The Canadian Museum of Nature, Canada's national museum of natural history, has launched a free scientific database featuring open access to more than 710,000 records of plants, animals, fossils, and minerals that are part of the museum's national collections.
The searchable online resource is accessible through the museum's web site at nature.ca/collections-online.
The digitized records represent about one-quarter (or 22%) of the museum's estimated 3.2 million "cataloguable units" of biological and geological material. Overall, the museum estimates it manages more than 10.5 million individual specimens that have been acquired over more than 150 years. The collections, which cover Canada and other parts of the world, are stored and curated at the museum's Natural Heritage Campus in Gatineau, Quebec.
"The great potential of this online access is that it takes a huge collection and unleashes the associated data over the internet for all kinds of people to ask questions about the natural world," explains Dr. Mark Graham, the museum's Vice-President, Research and Collections. "This tool provides the power for a researcher to choose the data that they want, use it freely, and apply it to the scientific questions that they are trying to answer." In some cases, online access can minimize loans of valuable specimens, or reduce the need for direct contact with a curator or a personal visit to the collections.
Data from natural history collections, supplemented by images, can be applied in numerous ways. These can include tracking invasive species patterns, understanding competition in ecosystems, mapping changes in habitat or species range over time, defining poorly studied areas for collecting, or assisting with computer modelling related to issues such as climate change.
For natural history museums, digitization means providing online information that defines a specimen or object, which is usually indicated on a specimen label or sometimes written in field notes. This information may include its scientific name, when and where it was collected, who collected it, and other pertinent information such as the habitat where it was found.
"Anything that provides context about what that specimen is, what it was doing in its natural environment and where it was found is recorded," says Dr. Jeff Saarela, a museum research scientist and botanist. He led the project team that developed the database in collaboration with software developer eSolutionsGroup. "The museum's staff have been digitizing our specimen records for over 20 years, but this is the first time that information from the collections has been combined in one portal that can now be shared easily with the world."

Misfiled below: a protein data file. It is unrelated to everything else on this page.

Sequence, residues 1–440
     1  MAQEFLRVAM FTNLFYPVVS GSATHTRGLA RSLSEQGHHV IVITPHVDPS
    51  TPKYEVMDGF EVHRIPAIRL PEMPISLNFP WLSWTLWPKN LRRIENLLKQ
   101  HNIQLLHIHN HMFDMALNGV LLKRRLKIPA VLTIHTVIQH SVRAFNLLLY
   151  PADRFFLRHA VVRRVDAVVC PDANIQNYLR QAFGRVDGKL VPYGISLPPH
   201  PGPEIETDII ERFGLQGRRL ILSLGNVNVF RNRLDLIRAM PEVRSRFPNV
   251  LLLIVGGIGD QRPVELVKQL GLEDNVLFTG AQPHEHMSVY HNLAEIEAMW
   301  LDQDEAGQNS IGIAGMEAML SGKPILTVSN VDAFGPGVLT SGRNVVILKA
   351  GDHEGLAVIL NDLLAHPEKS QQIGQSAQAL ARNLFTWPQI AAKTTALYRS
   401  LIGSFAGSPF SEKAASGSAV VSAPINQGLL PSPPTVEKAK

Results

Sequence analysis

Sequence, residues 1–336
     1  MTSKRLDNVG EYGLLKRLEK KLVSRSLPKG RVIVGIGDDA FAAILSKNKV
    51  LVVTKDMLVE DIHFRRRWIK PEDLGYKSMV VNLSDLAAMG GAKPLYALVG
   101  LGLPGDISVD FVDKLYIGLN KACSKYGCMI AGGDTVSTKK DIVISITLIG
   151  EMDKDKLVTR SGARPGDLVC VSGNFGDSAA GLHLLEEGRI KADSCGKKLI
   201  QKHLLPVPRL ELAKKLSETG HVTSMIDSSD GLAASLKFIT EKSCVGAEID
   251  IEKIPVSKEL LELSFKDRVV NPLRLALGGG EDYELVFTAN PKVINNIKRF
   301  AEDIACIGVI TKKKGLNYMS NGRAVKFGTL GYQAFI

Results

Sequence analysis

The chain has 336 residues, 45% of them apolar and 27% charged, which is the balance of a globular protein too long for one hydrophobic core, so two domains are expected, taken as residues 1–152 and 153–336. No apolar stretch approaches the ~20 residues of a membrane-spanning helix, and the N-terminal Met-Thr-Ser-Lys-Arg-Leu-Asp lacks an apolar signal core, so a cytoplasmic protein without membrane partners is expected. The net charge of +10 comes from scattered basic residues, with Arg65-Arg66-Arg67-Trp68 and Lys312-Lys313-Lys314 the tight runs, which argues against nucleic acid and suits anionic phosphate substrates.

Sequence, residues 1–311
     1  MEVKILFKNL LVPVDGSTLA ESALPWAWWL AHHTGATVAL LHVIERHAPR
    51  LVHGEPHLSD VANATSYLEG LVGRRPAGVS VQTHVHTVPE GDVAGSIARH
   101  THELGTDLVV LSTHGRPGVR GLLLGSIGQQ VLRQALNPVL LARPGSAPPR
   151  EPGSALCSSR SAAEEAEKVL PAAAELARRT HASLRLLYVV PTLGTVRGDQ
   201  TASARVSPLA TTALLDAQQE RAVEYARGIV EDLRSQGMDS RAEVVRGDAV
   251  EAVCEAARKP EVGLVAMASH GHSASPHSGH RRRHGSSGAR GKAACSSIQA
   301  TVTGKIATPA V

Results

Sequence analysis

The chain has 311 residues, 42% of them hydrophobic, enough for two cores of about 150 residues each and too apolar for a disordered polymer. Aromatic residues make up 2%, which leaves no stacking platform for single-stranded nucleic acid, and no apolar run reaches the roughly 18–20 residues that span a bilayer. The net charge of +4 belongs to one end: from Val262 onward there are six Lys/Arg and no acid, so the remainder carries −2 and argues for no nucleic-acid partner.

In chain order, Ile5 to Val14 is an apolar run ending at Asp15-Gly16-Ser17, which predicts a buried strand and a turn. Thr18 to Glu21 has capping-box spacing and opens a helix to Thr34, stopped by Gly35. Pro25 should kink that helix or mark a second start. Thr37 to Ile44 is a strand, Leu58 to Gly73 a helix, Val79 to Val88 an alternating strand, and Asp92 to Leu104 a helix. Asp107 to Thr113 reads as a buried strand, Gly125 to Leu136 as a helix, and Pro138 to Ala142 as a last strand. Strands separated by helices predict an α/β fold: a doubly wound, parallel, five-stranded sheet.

The database is enhanced by the addition of about 16,000 records with high-resolution images—the majority are plant specimens stored in the museum's National Herbarium of Canada. The plants can be easily scanned because they are pressed and preserved for study on flat sheets. In addition, maps using GPS coordinates provide a visual cue to where each specimen was found.
Records can be searched under five main categories: discipline (mineralogy, paleobiology, botany and zoology), taxonomic classification (using the scientific naming convention), location (from latitude/longitude to geographical locale), specimen information such as catalogue number, and a collection date range.
The data fields are also standardized to meet global standards, so that the records can be integrated with international initiatives such as the Global Biodiversity Information Facility, based in Denmark. This network provides open access to scientific data from cooperating museums, universities, government agencies, NGO's and laboratories in more than 50 countries.
The museum will continue to add an estimated 16,000 records annually to its Collections Online portal. Priorities to date have included existing records from the museum's internal databases, type specimens (those used to define a new species), new specimens collected for study by the museum's scientists, and areas of scientific leadership for the museum such as specimens from the Arctic.
"Ultimately, this initiative allows the Canadian Museum of Nature to open up its back rooms to the world, so anybody can go online and look for information about specimens they might be interested in," says Saarela.
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